The question of “how” is really important because it can help you prevent a bottleneck and enable you to streamline your router’s functionality. Here are the top ways a router may affect your internet speed and what you can do about them:

1. Older Equipment Problems


Wi-Fi standards are protocols, which dictate the speed of Wi-Fi signals, their range, and frequency, as well as the efficiency of a wireless router to carry them. They undergo a modification every once in a while due to innovations in wireless networking technology, thus, bringing in newer features and greater speed support.

The latest wireless communication standard is Wi-Fi 6, or 802.11ax, which has the capability of transmitting internet signals at the theoretical speed of 1.2 Gbps. Whereas, if you look at an older standard, like 802.11n, otherwise known as Wi-Fi 4, it has a max data-dispersal speed of 150 Mbps.

So, if you have an older router with Wi-Fi 4, let’s say, then you can’t expect it to deliver 500 Mbps download speed of your internet plan, as it can only transmit data at the speed of 150 Mbps. This can create a bottleneck in your connection.

An incapable router will also deprive you of the full strength of your internet subscription. Therefore, always get a router that is compatible with the internet speed you have signed up for, or else the older equipment will adversely affect the speed throughput.

Note: Just because you purchase a faster router, like Wi-Fi 6, while your plan only enables a 300 Mbps speed, then it doesn’t mean that your router will speed up your plan itself, despite its 1.2 Gbps support. In other words, a faster router can’t increase a slow-speed plan. You will only get the internet speed you have subscribed to. Nothing more.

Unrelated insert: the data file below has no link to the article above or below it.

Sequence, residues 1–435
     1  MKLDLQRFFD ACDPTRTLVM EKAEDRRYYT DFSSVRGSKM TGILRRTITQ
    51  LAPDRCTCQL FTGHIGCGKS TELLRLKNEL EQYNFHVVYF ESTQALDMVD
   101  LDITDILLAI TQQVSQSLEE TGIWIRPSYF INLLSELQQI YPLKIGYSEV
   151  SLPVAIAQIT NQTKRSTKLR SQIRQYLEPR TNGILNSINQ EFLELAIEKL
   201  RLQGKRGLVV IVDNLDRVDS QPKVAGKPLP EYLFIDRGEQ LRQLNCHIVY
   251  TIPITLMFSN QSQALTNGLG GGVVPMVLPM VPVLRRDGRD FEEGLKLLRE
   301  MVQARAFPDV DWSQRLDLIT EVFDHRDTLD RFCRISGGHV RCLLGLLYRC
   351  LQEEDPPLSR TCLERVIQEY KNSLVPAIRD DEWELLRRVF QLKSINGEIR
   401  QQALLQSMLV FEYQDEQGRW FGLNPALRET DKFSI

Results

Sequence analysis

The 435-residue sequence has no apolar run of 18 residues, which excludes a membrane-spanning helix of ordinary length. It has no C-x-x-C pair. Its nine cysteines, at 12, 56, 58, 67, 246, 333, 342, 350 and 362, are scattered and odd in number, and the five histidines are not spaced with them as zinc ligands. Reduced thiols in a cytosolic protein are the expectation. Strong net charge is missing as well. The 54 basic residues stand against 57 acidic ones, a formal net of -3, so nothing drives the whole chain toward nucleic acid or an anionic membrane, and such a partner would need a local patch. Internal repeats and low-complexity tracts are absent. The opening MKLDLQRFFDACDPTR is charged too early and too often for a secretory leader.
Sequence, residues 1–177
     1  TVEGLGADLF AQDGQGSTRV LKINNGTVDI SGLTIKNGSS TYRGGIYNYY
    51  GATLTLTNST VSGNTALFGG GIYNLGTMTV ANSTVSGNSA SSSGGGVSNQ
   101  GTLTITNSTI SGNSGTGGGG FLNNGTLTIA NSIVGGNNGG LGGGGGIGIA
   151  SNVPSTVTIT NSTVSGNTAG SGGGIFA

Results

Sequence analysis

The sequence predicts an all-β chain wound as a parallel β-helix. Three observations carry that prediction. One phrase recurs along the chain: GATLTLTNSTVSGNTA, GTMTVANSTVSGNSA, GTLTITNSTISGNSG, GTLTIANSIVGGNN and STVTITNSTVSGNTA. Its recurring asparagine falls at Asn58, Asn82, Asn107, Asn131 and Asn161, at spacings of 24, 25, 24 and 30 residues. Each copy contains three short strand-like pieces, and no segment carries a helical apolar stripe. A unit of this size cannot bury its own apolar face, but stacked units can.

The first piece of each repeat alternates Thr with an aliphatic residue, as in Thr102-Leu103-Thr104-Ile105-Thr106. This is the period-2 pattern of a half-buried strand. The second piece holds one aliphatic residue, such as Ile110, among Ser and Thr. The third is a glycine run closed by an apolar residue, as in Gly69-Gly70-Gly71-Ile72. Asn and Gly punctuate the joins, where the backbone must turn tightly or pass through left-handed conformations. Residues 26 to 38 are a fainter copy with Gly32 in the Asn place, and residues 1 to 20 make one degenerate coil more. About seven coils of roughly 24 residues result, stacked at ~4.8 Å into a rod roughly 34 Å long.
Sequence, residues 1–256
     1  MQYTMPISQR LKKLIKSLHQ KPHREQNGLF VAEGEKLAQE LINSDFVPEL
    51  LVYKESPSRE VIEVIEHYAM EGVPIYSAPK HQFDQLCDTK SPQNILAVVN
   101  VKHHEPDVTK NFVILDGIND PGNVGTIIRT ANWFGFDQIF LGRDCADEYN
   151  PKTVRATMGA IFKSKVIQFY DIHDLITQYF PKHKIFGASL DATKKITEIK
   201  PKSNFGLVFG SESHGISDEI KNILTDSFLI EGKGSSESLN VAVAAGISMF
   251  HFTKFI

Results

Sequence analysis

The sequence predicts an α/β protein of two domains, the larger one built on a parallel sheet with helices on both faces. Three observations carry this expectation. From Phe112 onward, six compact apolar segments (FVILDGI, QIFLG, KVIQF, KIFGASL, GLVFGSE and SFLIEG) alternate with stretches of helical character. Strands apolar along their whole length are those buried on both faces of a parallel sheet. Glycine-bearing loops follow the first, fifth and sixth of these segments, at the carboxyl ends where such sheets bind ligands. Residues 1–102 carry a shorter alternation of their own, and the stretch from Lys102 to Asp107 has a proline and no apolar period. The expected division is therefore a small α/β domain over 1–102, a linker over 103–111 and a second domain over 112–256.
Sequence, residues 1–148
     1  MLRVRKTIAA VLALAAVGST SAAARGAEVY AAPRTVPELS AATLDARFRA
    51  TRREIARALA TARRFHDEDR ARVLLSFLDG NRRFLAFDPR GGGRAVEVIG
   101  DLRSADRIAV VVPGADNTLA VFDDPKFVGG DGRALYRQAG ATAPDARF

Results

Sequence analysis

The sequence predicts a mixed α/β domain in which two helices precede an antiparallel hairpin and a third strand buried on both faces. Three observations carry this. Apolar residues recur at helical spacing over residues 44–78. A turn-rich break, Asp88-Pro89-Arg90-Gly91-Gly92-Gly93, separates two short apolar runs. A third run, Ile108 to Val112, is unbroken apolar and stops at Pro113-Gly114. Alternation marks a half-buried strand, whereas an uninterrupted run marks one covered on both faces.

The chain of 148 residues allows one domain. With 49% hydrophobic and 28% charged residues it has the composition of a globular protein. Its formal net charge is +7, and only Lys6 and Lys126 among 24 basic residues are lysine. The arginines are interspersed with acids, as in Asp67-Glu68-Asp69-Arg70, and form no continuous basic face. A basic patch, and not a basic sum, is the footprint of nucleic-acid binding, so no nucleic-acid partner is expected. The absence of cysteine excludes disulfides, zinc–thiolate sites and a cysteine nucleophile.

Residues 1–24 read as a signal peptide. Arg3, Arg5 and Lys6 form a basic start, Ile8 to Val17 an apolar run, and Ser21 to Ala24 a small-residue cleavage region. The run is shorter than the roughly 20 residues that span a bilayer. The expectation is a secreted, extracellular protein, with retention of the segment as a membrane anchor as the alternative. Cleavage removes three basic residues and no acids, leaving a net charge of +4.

2. Misplaced Hardware = Weaker Signals


Another way your router may affect internet speed is due to its placement, or in our case, misplacement. It is vital for a router to be positioned perfectly, in an open, centralized space, and preferably at a higher place, if it is to supply wireless internet signals to each and every connected device in the area at a faster speed.

Placing a router inside a cabinet, on the floor, or closer to a wall may seem fine at first, but it obstructs the range of the router and weakens its signals, which get absorbed by the physical objects surrounding the hardware, and fail to reach their destinations.

Similarly, placing a router near a window or next to another wireless device like a microwave can create signal overlapping and network congestion. These wireless devices may be working on the same wireless frequency, i.e. 2.4 GHz, as the router, and can throw the Wi-Fi signals off their pathway in the mess and confusion.

This can result in weaker signal throughput and subsequently, slower internet speeds. Switching the router’s frequency to the less crowded 5 GHz band may help repair some of the signal loss and fasten up data distribution.

Wrapping Up

The bottom line is that a router is an essential part of your in-home network and has a deep impact on the speed of wireless internet signals you ultimately receive.